Moms Working At Walmart Earn Less Than They Need To Feed Their Kids

As Mother’s Day approached, Charlene Fletcher, mother of two, found herself occupied with the needs of other families, attending to the crush of shoppers last week at the Walmart in Duarte, Calif., where she works.

On Mother’s Day itself, she would be in the store, making sure shoppers had one last chance to pick up a heart pendant or a personalized mug for mom. For the past four years, Fletcher has had to work every Mother's Day, along with every New Year's Eve, and nearly every weekend.

Like many employees at Walmart, the largest private employer in the United States, Fletcher is required to work whenever the company needs her, which almost always means spending weekends and holidays at the store.

Yet even as she makes available most of her working hours, she earns so little that she has to rely on government assistance to feed her kids. For Fletcher, 32, motherhood is not merely something to celebrate one day a year: it's the status that qualifies her for the federal Women, Infants and Children program, which provides mothers with vouchers that they can exchange for milk and fresh produce.

Relying on help from the government is "embarrassing," she said. "Nobody should have to do that, especially with what Walmart makes."

Fletcher earns $9.40 an hour, placing her among the growing ranks of workers around the country who are officially poor. Since the official end of the Great Recession, low-wage jobs have grown nearly three times as fast as better paying jobs, according to the National Employment Law Project.

Many of these workers are mothers and fathers. According to a recent report by the Working Poor Families Project, nearly one-third of all working families in the United States earn what the report defines as a low income, up from 28 percent in 2007, the first year of the recession.

Brandon Roberts, manager of the Working Poor Families Project, said that the data undermines notions that poverty is the result of laziness or irresponsibility while debunking the idea that the typical low-wage worker is a teenager making an extra buck after school.

"We know that these are people who are serious about work," he said. "They bring all the significant cultural habits and norms that we care about, and despite that, are still earning so little that they qualify as poor."

For Fletcher, being poor means living in a one-bedroom apartment with her husband, their 7-year-old and a baby.

"We all stay in one bedroom," she said. "We managed to get all three beds in here -- the crib, the twin and my grandmother's old-fashioned bed frame."

Although Fletcher's husband works full-time, the couple also qualifies for California's medical welfare program, which pays for Fletcher's asthma medicine and the children's shots and check-ups. Fletcher and her husband applied for the benefits shortly after she started working at Walmart, and Fletcher still gets heated when she thinks about her first meeting with the caseworker.

"All she could say was, 'Just be glad you even have a job,'" Fletcher recalled. "We all appreciate our jobs, but I kind of resent that remark. The problem is that this company is getting rich off the consumers and off what we do for them, and yet they don't give back."

A spokesman for Walmart said that the company promotes hundreds of people every day, including Mother's Day.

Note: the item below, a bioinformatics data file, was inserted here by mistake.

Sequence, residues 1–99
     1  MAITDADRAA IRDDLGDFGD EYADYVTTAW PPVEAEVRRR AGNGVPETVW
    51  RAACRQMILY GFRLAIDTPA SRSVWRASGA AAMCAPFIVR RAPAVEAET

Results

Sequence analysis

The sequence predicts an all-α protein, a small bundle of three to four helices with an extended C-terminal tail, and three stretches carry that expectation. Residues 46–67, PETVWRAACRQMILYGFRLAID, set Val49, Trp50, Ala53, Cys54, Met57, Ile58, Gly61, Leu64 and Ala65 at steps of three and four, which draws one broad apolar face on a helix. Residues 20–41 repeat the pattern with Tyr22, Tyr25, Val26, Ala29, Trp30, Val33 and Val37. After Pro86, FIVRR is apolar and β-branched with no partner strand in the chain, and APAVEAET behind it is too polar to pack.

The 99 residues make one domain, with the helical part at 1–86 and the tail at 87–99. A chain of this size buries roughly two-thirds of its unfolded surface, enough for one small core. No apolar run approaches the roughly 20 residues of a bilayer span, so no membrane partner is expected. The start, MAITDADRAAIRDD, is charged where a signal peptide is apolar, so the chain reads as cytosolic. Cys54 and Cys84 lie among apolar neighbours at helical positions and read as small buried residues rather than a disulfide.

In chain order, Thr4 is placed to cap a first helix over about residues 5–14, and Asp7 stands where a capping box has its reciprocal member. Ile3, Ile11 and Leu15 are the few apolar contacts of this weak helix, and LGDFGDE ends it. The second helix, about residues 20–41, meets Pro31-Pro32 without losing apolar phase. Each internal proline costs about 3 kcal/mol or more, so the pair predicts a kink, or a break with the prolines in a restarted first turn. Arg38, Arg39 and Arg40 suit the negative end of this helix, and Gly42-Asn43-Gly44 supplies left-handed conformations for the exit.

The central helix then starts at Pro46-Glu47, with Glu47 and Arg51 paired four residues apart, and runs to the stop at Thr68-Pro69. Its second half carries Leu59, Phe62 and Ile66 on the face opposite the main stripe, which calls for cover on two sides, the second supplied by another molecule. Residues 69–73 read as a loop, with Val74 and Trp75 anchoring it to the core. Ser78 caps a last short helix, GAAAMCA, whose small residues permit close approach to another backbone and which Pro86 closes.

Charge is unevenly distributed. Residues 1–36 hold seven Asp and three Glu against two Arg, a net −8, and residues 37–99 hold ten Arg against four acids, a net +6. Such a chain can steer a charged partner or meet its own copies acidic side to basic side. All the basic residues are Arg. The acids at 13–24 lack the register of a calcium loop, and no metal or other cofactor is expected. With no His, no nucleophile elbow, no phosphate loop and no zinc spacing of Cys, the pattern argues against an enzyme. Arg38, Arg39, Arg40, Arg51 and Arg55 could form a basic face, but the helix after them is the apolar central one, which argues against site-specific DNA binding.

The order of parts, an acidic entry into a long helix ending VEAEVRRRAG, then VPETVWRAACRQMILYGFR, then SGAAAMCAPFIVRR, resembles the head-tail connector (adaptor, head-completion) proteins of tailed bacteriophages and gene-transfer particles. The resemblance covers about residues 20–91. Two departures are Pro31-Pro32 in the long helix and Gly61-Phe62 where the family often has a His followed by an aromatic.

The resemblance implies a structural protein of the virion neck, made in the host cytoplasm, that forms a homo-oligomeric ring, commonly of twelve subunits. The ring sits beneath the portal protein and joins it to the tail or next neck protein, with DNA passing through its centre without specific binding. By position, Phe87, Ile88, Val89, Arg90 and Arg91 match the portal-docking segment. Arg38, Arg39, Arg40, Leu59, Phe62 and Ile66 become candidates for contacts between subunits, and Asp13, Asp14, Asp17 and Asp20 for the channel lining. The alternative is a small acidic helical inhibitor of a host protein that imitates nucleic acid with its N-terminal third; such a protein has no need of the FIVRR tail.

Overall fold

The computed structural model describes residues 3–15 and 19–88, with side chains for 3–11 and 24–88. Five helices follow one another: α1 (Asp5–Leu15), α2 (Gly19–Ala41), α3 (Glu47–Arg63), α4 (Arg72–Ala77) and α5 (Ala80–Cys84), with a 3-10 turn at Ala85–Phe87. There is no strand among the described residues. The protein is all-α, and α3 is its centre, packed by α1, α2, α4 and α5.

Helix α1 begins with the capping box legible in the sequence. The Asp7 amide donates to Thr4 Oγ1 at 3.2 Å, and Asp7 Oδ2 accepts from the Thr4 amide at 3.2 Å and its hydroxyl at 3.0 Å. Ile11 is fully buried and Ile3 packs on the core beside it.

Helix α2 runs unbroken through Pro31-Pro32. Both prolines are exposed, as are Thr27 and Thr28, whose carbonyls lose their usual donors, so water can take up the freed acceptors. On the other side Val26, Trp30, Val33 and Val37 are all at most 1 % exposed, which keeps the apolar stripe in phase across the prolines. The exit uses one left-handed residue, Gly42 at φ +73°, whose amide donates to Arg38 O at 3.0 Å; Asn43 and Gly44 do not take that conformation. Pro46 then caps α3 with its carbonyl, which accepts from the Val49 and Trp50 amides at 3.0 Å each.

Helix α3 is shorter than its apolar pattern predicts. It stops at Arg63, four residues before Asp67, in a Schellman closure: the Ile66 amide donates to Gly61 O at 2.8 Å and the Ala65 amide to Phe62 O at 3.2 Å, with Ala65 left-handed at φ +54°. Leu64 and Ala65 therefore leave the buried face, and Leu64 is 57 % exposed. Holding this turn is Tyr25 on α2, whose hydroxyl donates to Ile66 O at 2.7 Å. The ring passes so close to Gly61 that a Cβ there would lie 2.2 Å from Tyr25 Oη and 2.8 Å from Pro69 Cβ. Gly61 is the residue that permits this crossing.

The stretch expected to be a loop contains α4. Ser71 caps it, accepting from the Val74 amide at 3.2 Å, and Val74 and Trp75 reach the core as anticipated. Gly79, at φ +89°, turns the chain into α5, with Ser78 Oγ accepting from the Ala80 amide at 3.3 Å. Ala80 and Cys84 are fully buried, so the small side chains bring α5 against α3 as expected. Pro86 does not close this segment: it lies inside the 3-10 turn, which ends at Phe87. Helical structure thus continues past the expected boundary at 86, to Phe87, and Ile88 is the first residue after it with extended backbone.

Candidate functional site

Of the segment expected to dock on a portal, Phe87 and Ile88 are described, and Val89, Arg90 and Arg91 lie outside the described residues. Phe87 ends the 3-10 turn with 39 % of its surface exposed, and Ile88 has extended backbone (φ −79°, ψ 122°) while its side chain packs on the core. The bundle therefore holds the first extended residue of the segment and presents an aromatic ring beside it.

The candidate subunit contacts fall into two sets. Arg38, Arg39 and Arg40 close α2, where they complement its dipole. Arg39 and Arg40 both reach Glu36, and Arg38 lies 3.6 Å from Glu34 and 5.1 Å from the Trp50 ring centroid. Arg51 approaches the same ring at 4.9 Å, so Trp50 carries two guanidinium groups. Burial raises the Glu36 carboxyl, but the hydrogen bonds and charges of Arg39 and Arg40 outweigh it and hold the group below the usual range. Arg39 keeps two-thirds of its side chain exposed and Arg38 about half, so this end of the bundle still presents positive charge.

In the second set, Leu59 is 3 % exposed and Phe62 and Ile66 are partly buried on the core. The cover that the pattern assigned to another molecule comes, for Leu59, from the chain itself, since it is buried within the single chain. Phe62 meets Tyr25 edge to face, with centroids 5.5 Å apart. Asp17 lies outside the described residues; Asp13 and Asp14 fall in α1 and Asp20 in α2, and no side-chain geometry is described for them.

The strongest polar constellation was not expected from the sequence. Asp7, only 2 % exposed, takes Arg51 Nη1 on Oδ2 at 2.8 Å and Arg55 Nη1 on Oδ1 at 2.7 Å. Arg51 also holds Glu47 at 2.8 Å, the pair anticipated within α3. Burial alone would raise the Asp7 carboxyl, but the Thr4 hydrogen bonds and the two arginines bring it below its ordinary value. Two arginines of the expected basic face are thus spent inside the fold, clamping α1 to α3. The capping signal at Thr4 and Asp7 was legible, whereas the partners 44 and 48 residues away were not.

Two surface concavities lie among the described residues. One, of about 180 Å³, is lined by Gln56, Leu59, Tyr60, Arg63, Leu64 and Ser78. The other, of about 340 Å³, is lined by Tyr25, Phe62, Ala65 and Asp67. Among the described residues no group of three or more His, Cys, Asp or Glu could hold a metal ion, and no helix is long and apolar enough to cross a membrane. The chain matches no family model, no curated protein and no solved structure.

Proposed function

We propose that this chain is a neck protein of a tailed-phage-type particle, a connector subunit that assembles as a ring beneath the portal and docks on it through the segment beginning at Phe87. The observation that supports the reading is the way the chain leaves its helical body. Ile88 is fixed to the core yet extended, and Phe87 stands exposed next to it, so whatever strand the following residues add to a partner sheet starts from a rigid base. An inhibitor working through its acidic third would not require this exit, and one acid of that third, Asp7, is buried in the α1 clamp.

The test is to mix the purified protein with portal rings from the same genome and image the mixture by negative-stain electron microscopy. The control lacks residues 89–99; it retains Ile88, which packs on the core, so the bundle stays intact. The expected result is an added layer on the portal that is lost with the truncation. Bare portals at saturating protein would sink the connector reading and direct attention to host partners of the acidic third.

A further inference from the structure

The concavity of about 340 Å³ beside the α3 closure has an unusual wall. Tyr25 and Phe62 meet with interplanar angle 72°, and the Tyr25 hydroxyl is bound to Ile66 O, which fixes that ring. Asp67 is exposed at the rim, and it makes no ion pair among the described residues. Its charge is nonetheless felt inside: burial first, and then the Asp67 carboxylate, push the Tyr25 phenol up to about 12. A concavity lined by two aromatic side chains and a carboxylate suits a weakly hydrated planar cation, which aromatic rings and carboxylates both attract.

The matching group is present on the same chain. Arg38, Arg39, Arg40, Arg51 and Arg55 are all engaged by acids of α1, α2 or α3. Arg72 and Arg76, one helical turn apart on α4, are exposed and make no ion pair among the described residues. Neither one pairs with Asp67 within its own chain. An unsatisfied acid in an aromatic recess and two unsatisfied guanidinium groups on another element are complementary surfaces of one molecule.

"We are proud of the thousands and thousands of moms who choose to work at Walmart, because they understand the opportunities they have to build a career and a better life for their families," said Kory Lundberg. "In fact, in many of our stores we see mothers working side by side their daughters and sons."

According to Fortune's recent ranking of America's 500 biggest companies, Walmart replaced ExxonMobile at the top of the list in 2012, posting revenues of $469.2 billion. In the days leading up to Mother's Day, the company was getting ready to bolster those earnings by taking advantage of the anticipated rush on gift baskets, cookie tins and crockery. A section of the retailer's website listed 191 possible gifts for mom, ranging from a customized "Hugs and Kisses" picture frame ($19.95) to a Ninja 3-in-1 Cooking System ($149.00).

Fletcher said she expected Mother's Day at the store to be stressful. Since she joined Walmart, she said, the store has cut staff and leaned on the remaining employees to fill in the gaps. Fletcher operates the phones, relaying calls between customers, managers, and workers, and said she often has trouble getting employees on the line. "They can barely maintain their departments, let alone answer a phone call," she said.

Retail isn't the only industry that pays low wages. Other major employers of low-wage workers include the government, hospitals and fast-food restaurants.

Ashley Sanders, who earns $7.35 an hour at a Hardee's restaurant in St. Louis, said she can barely afford to keep her 6-month-old baby fed, despite receiving help from WIC and food stamps.

"Formula only lasts him a good three or four days," she said. "Every three days I'm having to buy more formula."

WIC covers about eight cans a month, she said, leaving her to pay for the remaining $30 worth of formula herself. "It's difficult, and I wish that the corporation would understand that," she said.

CORRECTION: An earlier version of this story misstated the location of the Walmart store where Charlene Fletcher works. It is in Duarte, Calif., not Pasadena.

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